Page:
Getting divorced is one of the biggest financial adjustments for any family, and it is often the case that one spouse is going to have to pay the other spouse some amount of money, called alimony. The types of alimony are
- Transitional alimony - help with the transition to single status;
- Rehabilitative alimony – to help pay for an education or to start a business, so the economically disadvantaged spouse can become self-supporting;
- Alimony in futuro – intended to pay expenses because, for some reason, one of the spouses cannot work – perhaps because they have to take care of a disabled family member or are disabled themselves; or
- Alimony in solido – most commonly awarded because one spouse is taking income producing assets that the other spouse is not going to be able to accumulate.
To determine whether you are going to get any alimony, and if so, what type and how much, the Court will want you and your attorney to be able to answer the following questions:
- How much money do you make vs. how much money your spouse makes?
- What financial needs do each of you have?
- How far did each of you go in school?
- What training could either of you get to improve your earning capacity?
- How long were you two married?
- How old are you?
- Do you have the mental ability to manage in a workplace?
- Do you have the physical ability to work?
- Do either of you need to stay home for some reason?
- Do either of you have separate assets that can be used to support you?
- What property and/or debt is each of you taking from the marriage?
- What standard of living did you two enjoy during the marriage?
- Who contributed to getting and maintaining that standard of living?
- Who broke up the marriage? (sometimes – we’ll write another blog on this point)
- What tax consequences will an alimony award have against a party?
- Does this alimony award feel fair (to the Judge)?
Your lawyer’s job is to answer these questions in a way that favors you. At Held Law Firm, we have found that by engaging in a systematic analysis of both your and your spouse’s spending habits, we can do the best job advising you, and advocating for you in court.
The factor most strongly considered by the Judge is the ability of one spouse to pay, and the need of the other spouse for the money. To answer that question, we need both spouses to get real about their spending habits.
We begin that process by performing an analysis of your current spending habits. We’ll ask you for your best estimate of a budget, and to bring us the previous year of bank and credit card statements, to assess whether your estimate feels correct. We’ll identify which of these expenditures are yours and which are your spouses, and also which of the bills are set (like a mortgage) and which are discretionary (like clothing and haircuts).
Once we have that information analyzed, we’ll talk to you about what you want your post-divorce life to look like. Do you want to stay in the marital residence, or is now the time to finally get that condo downtown? Do you want to have money for travel, or are you more interested in staying home and playing with your grandchildren? The clearer the picture we have of what you want to do with this next phase of your life, the better job we’ll be able to budget for it.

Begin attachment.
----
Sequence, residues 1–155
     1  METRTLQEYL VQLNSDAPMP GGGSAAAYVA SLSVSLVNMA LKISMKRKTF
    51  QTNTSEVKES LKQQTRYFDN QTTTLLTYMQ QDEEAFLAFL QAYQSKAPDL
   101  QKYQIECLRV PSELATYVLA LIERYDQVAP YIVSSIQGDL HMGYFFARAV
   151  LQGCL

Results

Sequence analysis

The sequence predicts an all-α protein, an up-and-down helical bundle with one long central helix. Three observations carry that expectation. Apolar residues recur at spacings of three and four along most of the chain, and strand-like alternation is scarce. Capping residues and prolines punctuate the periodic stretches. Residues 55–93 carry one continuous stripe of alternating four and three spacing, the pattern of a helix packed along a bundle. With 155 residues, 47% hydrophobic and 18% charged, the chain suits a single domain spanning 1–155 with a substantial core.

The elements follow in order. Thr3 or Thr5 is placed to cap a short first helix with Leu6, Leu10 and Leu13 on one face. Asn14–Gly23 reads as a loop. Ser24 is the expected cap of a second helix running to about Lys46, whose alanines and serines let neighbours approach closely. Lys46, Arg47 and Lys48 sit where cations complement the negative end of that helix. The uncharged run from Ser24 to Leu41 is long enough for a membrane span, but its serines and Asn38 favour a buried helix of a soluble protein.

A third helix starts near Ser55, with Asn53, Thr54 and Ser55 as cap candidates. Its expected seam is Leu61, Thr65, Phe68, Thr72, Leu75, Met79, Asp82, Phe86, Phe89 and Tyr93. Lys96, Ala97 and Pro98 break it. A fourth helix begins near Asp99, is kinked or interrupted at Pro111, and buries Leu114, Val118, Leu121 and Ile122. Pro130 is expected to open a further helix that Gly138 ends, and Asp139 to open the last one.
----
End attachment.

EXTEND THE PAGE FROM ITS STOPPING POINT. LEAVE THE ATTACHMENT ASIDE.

Once we know what your goals are, we can plan for what income you’ll need to reach your goals. That plan may include going back to school or getting that first job in a while, if you have traditionally stayed home. Or it may be that it’s time for your ex to use that degree you paid for while you were married, if you are the person at risk of having to pay. There will be areas to cut back on, for sure, but in our experience, both parties have things they spend money on that the other party doesn’t care about. When we trim their expenditures from your budget, any shortfall is usually pretty minimal.
For example, in one divorce we finished recently, a wife collected jewelry. This was a source of resentment for our client, the husband, who wanted to spend his money on travel. When we eliminated those recurring jewelry purchases from his budget, he suddenly had money to not only give his former wife a modest alimony award, which she could use to buy jewelry if she got a job to pay her bills, but he finally got to book that overseas vacation.
No one wants to remain financially entangled post divorce, but if it’s awarded, in our experience, careful planning can result in both parties leaving the divorce more economically satisfied than during the marriage. For the spouse receiving alimony, instead of having to compete with your spouse for how money gets spent, you have all the control over all of your money, perhaps for the first time. But even our clients who pay alimony usually wind up with more in their pocket afterwards; after all, when you are married, and sharing a joint bank account, it’s like handing your spouse a blank check. Limit how much of your earnings that your spouse gets, and you often wind up better off.
If you can’t agree on an alimony award, you will need your lawyer to present a compelling case for your position in the courtroom. By engaging in this careful analysis of both your and your spouse’s economic circumstances, challenges, and opportunities, you present yourself as the credible, reasonable voice – the voice the Judges will heed in the courtroom.